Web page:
When we are weak, You give us strength. When we are afraid, You give us courage. When we are distressed, You give us peace. When we cry out for forgiveness, You hear and forgive our sins.
Thank You for all that You are O Lord. You are the Great and Mighty God who reigns supreme throughout eternity. We praise You with our hearts. Amen.
|Note: This post is linked to Spiritual Sundays (hosted by Charlotte and Ginger). I believe you will find the blogs linked there filled with a passionate love for Christ. I encourage you to visit. You won't be disappointed.|
- James 1:19-22, NIV
- James 1:19-22, The Message Bible
- James 1:19-22, New Living Translation Bible
- Mark 15:3-5, NIV
- Philippians 2:5-8, NIV
- Ezekiel 33:31-32, NIV
- James 1:26, NIV
- James 3:5, NIV
- Psalm 19:14, New Living Translation Bible
- Proverbs 21:23-24, The Message Bible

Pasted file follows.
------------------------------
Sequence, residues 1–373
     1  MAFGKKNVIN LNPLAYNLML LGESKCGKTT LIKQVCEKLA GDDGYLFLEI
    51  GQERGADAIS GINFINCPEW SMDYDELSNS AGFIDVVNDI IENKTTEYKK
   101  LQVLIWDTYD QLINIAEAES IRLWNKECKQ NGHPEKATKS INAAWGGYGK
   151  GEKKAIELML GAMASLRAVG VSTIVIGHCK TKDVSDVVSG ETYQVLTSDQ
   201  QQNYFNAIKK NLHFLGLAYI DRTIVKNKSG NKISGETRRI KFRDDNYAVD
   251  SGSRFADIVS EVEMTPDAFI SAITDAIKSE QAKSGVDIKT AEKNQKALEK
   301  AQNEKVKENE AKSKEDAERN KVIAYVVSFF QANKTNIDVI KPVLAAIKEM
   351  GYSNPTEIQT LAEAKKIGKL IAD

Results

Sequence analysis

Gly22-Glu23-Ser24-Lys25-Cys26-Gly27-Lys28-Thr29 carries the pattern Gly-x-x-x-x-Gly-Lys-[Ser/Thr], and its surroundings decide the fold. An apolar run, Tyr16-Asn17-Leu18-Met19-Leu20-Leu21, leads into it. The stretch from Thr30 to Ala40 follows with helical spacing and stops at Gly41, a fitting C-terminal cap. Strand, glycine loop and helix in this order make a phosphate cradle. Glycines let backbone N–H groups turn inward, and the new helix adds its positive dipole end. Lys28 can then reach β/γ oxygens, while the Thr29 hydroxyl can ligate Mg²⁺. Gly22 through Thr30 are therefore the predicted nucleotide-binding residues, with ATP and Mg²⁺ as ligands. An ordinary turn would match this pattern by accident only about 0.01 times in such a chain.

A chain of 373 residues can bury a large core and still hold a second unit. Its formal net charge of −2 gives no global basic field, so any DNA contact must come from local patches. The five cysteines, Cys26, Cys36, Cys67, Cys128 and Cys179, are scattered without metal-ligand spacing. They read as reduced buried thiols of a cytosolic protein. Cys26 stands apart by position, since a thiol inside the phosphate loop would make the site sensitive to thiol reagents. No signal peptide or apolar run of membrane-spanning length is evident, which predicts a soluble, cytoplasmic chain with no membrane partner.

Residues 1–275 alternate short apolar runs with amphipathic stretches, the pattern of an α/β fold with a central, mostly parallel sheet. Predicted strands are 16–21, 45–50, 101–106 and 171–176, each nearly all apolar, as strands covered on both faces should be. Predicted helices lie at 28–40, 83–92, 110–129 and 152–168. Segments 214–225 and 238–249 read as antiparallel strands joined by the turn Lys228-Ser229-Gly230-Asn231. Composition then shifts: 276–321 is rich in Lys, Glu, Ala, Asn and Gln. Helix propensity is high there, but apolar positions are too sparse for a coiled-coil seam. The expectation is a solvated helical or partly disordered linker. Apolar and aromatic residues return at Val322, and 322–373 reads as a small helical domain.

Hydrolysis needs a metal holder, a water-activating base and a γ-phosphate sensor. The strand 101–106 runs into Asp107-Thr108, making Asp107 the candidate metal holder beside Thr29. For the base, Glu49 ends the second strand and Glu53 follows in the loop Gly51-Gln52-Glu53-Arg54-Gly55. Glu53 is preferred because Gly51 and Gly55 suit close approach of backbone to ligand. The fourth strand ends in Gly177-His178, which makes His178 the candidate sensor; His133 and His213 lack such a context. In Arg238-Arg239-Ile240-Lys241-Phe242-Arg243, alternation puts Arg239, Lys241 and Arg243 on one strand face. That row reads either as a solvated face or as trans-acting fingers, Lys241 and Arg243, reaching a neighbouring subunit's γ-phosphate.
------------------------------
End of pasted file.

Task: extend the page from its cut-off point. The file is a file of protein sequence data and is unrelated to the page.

- The Ryrie Study Bible (New American Standard Version), Edited by Charles C. Ryrie, Moody Publishers, Chicago, Illinois, ISBN 0-8024-8920-6
- The Amplified Bible, by The Lockman Foundation, Zondervan Bible Publishers, Grand Rapids, Michigan, ISBN-13: 978-0310951414
- King James Version, The Crusade Analytical Study Edition, Crusade Bible Publishers, Inc., PO Box 90011, Nashville, Tennessee 37209
- The Message Bible, by Eugene H. Peterson, NavPress Publishing Group, Colorado Springs, CO, ISBN-13: 978-1600060250
- New King James Version, by Nelson Bibles, Thomas Nelson Publishers, Inc., PO Box 141000, Nashville, Tennessee, ISBN-13: 978-0840713704
- The NIV Study Bible, Edited by Kenneth Barker, Donald Burdick, John Stek, Walter Wessel and Ronald Youngblood, Zondervan Publishing House, Grand Rapids, Michigan 49530, USA
- The New Living Translation Bible, by Tyndale Charitable Trust, Tyndale House Publishers, Inc., Wheaton, Illinois, ISBN-13: 978-0842384896